Request for Community Comment: registering content before online availability

Crossref is proposing a process to support the registration of content—including DOIs and other metadata—prior to that content being made available, or published, online. We’ve drafted a paper providing background on the reasons we want to support this and highlighting the use cases. One of the main needs is in journal publishing to support registration of Accepted Manuscripts immediately on or shortly after acceptance, and dealing with press embargoes.

Proposal doc for community comment
Proposal doc for community comment

We request community comment on the proposed approach as outlined in this report. Continue reading “Request for Community Comment: registering content before online availability”

ORCID tipping point?

Today eight publishers have presented an open letter that sets out the rationale for making ORCID iDs a requirement for all corresponding authors, a move that is being backed by even more publishers and researchers as the news spreads on twitter with #publishORCID. Crossref is a founding organization of ORCID and an ongoing supporter so it’s great to see further uptake and even more benefit for the research community.

We encourage all our publisher members to strive for complete metadata and that should include ORCID iDs, whether their workflows are able to require them at submission or not. Since we launched the ORCID auto-update process a couple of months ago, over 10,000 authors have given Crossref permission to automatically update their ORCID records.

The open letter—signed by eLife, PLOS, The Royal Society, AGU, EMBO, Hindawi, IEEE, and Science—also offers minimum implementation guidelines for the process:

  1. Require. ORCID iDs are required for corresponding authors of published papers, ideally at submission.
  2. Collect. The collection of ORCID iDs is done via the ORCID API, so authors are not asked to type in or search for their iD.
  3. Auto-update. Crossref metadata is updated to include ORCID iDs for authors, so this information can automatically populate ORCID records.
  4. Publish. Author/co-author ORCID iDs are embedded into article metadata.

ORCID’s own announcement gives further background and describes the benefits for researchers, such as single sign-on across journals and ultimately, increased discovery of their works. Everybody wins.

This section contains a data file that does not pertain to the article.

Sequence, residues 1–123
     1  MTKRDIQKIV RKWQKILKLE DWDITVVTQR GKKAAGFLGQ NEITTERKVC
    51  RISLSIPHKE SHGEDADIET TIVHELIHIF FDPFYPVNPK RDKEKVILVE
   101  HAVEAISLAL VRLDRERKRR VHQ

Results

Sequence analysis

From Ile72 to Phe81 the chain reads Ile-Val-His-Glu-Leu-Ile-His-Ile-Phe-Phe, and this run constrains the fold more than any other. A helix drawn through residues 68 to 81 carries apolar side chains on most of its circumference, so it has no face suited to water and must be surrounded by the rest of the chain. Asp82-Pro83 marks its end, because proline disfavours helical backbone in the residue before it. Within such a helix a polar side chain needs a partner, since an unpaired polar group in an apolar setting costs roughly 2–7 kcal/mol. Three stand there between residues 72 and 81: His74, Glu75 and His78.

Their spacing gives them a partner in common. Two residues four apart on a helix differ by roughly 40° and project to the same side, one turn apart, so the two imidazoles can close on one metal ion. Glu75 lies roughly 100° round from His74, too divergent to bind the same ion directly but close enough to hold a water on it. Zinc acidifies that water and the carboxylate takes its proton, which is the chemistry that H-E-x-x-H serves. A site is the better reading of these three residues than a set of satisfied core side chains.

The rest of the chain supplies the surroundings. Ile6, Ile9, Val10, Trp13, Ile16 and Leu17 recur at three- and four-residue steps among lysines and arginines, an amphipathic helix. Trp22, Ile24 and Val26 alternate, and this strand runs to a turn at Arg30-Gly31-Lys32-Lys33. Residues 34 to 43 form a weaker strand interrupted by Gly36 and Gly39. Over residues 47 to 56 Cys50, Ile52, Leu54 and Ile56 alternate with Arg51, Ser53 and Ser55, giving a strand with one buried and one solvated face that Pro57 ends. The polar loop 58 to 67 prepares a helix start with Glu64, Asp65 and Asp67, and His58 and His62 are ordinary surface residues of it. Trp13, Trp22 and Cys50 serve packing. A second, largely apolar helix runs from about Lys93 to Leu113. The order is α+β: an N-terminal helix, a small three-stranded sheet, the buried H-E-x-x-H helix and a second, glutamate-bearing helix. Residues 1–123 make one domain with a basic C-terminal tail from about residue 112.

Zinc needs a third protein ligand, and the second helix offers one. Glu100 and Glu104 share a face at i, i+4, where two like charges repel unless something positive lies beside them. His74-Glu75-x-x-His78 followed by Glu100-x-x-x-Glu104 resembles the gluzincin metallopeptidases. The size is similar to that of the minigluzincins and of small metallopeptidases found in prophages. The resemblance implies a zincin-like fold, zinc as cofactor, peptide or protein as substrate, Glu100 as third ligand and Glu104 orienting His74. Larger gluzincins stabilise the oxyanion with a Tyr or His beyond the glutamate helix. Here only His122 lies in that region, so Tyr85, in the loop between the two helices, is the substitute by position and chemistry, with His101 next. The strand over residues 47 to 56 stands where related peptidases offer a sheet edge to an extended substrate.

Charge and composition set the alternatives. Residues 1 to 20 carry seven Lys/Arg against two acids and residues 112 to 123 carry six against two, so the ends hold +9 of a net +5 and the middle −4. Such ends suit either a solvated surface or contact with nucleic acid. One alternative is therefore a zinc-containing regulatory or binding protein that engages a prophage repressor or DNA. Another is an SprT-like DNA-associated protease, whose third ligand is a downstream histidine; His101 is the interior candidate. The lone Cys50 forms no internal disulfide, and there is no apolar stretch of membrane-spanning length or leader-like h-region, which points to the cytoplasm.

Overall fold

Distributed Usage Logging: A private channel for private data

Forty wire telephone switchboard, 1907, Author unknown, Popular Science Monthly Vol 70, Wikimedia Commons.

A few months ago Crossref announced that we will be launching a new service for the community in 2016 that tracks activities around DOIs recording user content interactions. These “events” cover a broad spectrum of online activities including publication usage, links to datasets, social bookmarks, blog mentions, social shares, comments, recommendations, etc. The DOI Event Tracking (DET) service collects the data and make it available to all in an open clearinghouse so that data are open, comparable, audit-able, and portable. These data are all publicly available from external platform partners, and they meet the terms of distribution from each partner. Continue reading “Distributed Usage Logging: A private channel for private data”

Crossref Labs plays with the Raspberry Pi Zero

If you’re anything like us at Crossref Labs (and we know some of you are) you would have been very excited about the launch of the Raspberry Pi Zero a couple of days ago. In case you missed it, this is a new edition of the tiny low-priced Raspberry Pi computer. Very tiny and very low-priced. At $5 we just had to have one, and ordered one before we knew exactly what we want to do with it. You would have done the same. Bad luck if it was out of stock. Continue reading “Crossref Labs plays with the Raspberry Pi Zero”

Watch Speaker Videos from the 2015 Annual Meeting

You might have missed it, but you haven’t missed out.  If you want to watch – or savor re-watching – the presentations from last week’s 2015 Crossref Annual Meeting, we’ve embedded each video below in chronological order. Sit back, relax, and take it all in (again) just as though you were in an air-conditioned ballroom at the Taj. Note: if your organization blocks Wistia videos, please whitelist these domains: * and Continue reading “Watch Speaker Videos from the 2015 Annual Meeting”